With colorful characters like a quirky comfort counselor and even more colorful songs with titles such as “My Unfortunate Erection,” the spring musical, The 25th Annual Putnam County Spelling Bee, is the hilarious journey of six eccentric, socially-awkward pre-teens as they compete for the champion title in their county’s spelling bee that took the high school stage at 4:30 on May 6, 7:30 on May 7 and 9.

The musical is an interactive production that invited audience members up to the stage to test their spelling alongside the cast as the play unfolded. The laughs continue on in this spring’s play, The Comedy of Errors, which is a modern twist on Shakespeare’s classic comedy of mistaken identity. The play will take place in the high school little theatre on June 4 and 6.

After three years of producing two spring plays, one cast with juniors and seniors, and one with freshman and sophomores, this year the drama department decided to hold a small musical and a play both open for any grade level to participate in. Acting teacher and musical director Stephen Wrobleski changed this because he wanted to put on some of the small musicals he really enjoys.“[Spelling Bee is a] piece I’ve loved for a long time,” he said “It’ s really funny; it’s very quirky. I thought it would be really great given the students we have right now. It will be a really great fit.” He explained that he decided to produce Comedy of Errors because he aims to put on a Shakespeare play every four years to provide every student the opportunity to act in a Shakespearian play.

Wrobleski directed  the musical with help from student directors Alison Joyce ’15 and Margaux Higgins ’15. His favorite part of the musical is its deviation from basic characters and predictable plot line. “Most musicals have the stereotypical male ingenue or female ingenue, and this show doesn’t have that at all. There are all these really quirky people, and they’re all a little bizarre, and that’s really fun. It’s fun not to have to play the ingenue or even have the female ingenue or have that typical love story,” he said. “It’s a fun world to invest in, and the actors have had a fun time creating those people”

Cypress Smith ’17 played the part of the comfort counselor Mitch Mahoney, who reassures contestants after losing and also happens to be on parole completing his community service hours. Smith reflected Wrobleski’s appreciation for the unique humor of the play. “It’s so funny,” she said, “but the jokes are so subtle I didn’t get them until now.” She later added “the humor is definitely my favorite part.”

That same quirky humor and line up of eccentric characters carries through to the play, which is Shakespeare’s Comedy of Errors set in a modern day casino. Liam Skelly ’17, who plays Dr. Pinch, said that one of his favorite parts of the play is the colorfulness of the characters. “I like that I’m always doing ridiculous stuff [in the role of the witch doctor Pinch]. I was worried at first that my role would be small, but I like that he’s on the crazy side,” he said.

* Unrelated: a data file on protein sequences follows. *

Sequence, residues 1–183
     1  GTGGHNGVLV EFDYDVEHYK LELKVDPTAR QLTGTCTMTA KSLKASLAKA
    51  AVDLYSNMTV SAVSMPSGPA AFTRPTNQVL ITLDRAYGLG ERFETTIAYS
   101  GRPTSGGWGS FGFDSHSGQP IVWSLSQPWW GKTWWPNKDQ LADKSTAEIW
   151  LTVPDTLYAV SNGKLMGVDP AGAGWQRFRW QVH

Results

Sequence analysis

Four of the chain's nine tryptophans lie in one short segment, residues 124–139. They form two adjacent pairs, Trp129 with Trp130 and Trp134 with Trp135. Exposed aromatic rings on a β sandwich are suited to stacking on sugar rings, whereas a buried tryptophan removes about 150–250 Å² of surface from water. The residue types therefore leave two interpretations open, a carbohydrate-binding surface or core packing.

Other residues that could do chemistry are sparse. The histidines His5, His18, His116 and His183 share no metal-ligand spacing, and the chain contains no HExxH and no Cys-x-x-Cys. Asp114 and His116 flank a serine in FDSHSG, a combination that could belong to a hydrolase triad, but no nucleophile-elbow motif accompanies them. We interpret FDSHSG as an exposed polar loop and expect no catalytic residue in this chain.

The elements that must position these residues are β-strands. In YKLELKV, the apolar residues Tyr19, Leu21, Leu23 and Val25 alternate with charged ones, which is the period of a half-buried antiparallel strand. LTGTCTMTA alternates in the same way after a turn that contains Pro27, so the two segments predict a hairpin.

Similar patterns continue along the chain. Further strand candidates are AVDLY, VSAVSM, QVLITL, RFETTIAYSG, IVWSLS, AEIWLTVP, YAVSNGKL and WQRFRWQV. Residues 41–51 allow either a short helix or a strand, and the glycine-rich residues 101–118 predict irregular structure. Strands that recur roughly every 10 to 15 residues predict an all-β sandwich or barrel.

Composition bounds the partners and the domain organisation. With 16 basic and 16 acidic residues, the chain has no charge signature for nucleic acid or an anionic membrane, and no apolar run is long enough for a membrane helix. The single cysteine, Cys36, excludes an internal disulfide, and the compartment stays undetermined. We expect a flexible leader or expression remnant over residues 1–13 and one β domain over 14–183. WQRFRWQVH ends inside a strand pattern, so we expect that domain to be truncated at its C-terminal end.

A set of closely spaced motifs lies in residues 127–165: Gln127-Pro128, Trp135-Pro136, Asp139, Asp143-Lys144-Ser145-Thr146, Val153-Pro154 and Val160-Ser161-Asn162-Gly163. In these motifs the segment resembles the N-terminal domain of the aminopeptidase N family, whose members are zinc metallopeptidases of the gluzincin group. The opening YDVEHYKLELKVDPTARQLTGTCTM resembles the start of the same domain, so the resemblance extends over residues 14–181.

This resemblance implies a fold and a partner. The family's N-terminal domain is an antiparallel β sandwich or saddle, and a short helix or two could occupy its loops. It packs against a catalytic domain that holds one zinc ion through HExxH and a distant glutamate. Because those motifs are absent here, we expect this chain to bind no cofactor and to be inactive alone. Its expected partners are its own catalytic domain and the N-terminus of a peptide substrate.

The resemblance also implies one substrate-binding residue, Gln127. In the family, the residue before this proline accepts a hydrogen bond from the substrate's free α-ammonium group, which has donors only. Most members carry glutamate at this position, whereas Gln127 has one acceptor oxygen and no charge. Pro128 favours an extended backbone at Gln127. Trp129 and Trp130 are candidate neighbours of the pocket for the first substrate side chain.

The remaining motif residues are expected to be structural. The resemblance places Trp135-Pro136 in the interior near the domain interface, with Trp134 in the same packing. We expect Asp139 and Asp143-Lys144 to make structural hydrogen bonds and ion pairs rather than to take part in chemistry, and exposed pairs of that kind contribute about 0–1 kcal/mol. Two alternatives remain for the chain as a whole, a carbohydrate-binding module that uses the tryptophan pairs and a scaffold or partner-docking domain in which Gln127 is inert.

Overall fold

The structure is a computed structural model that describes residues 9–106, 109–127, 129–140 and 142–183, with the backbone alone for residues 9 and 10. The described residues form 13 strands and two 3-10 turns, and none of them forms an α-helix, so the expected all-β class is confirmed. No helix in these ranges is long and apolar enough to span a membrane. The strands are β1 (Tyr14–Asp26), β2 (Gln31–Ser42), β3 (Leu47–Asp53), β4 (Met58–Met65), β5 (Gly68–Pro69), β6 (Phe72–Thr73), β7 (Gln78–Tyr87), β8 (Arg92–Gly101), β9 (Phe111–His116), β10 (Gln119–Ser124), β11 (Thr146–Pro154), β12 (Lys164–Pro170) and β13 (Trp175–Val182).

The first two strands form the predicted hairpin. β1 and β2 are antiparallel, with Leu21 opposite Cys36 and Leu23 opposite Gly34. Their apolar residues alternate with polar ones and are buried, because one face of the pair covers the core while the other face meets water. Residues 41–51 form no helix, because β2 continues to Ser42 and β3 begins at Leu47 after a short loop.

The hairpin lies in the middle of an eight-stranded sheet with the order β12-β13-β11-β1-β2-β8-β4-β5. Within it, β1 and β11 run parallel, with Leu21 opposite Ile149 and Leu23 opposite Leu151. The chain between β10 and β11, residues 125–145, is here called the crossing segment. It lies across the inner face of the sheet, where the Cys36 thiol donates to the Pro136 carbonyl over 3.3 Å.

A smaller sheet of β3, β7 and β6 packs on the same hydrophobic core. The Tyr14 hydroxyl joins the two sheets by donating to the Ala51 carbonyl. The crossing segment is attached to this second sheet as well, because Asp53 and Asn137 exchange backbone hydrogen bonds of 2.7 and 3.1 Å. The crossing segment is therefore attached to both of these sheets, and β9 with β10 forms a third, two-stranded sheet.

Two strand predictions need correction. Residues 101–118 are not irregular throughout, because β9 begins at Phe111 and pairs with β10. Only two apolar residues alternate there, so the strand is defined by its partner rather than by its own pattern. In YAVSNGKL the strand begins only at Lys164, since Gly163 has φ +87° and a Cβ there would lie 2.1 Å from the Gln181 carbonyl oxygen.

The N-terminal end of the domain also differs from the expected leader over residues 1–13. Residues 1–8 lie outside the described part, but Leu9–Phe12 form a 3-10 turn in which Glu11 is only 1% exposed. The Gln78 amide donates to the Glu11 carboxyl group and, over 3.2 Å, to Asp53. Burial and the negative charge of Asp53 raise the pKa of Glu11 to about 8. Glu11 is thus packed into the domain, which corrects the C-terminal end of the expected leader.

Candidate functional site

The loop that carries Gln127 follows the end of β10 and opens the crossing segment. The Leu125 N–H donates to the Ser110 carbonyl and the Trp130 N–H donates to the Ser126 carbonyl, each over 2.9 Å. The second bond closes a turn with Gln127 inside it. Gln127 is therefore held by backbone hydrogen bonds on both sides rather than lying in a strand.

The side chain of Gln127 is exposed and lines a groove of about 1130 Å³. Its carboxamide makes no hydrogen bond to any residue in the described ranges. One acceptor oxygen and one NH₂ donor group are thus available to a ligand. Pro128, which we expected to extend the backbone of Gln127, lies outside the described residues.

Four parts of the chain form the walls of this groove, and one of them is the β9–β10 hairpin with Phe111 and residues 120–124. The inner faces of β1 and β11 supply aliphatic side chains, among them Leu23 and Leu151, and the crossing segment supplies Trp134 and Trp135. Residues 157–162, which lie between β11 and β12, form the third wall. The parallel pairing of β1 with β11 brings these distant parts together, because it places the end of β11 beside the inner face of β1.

He added that the strangeness of the characters contribute to humor in the play. Especially since Comedy of Errors deals with two sets of twins who are commonly mistaken for each other, yet in this case the twins look nothing alike, there is lots of new, creative humor in the classic comedy.

For the play, Wrobleski hired Emerson College student Ben Cutler as a director, as well as appointing Mary Moynihan ’15 and Drew Hawkinson ’15 as student directors. “[Having another director] is better for my health” he joked after explaining the stress of coordinating two productions simultaneously one year. Skelly added that he really enjoys having a director so close in age and the mutual respect that stimulates. “[Cutler] is really laid back and easygoing. He doesn’t care if you swear or anything at rehearsal. He works at the middle school all day, so when he gets here he really respects us,” Skelly said, “and because of this, whenever he talks, everyone always listens to him.”

While both the play and musical are whimsical and fun, naturally there are challenges to putting together such large productions. Wrobleski said one of the biggest challenges is just finding space to rehearse between all the other events and on-goings in the Performing Arts department, but he said they always do end up making room for rehearsal. “I work with the best people ever,” Wrobleski said, crediting choral director Kevin McDonald, band conductor Steven Scott, orchestra conductor Katherine Greene, and moving company leader Janet Sozio. “We’re all so accommodating of each others’ schedules and work really hard to help each other out. I have the best colleagues in the universe; I really do.”

With only a few weeks until show time of the play, Wrobleski encourages people to “get here early and get tickets,” he said. “and just enjoy; we want to take people away for a little bit and tell them a story.”

(Olivia Gieger ’17, Arts Editor)


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